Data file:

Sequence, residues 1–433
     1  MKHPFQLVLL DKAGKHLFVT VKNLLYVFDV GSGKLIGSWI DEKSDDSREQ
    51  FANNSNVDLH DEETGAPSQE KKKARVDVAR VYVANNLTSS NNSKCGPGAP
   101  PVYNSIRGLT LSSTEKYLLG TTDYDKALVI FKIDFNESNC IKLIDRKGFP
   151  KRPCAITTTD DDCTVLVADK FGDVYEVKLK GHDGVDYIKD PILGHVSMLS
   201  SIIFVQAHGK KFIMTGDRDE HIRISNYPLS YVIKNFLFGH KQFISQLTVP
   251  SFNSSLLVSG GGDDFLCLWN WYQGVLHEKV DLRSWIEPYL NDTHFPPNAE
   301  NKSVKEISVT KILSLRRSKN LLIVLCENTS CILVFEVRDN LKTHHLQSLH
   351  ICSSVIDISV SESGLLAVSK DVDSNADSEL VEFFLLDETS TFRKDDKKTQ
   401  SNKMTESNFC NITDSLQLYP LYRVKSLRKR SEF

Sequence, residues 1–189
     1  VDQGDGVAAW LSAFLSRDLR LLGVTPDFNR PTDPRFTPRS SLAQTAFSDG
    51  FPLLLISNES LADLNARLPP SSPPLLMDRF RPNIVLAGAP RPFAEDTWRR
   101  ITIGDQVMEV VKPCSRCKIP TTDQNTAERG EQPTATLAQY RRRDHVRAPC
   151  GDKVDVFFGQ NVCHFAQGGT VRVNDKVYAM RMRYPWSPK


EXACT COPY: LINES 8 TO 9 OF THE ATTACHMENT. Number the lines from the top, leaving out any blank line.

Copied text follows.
   301  NKSVKEISVT KILSLRRSKN LLIVLCENTS CILVFEVRDN LKTHHLQSLH
   351  ICSSVIDISV SESGLLAVSK DVDSNADSEL VEFFLLDETS TFRKDDKKTQ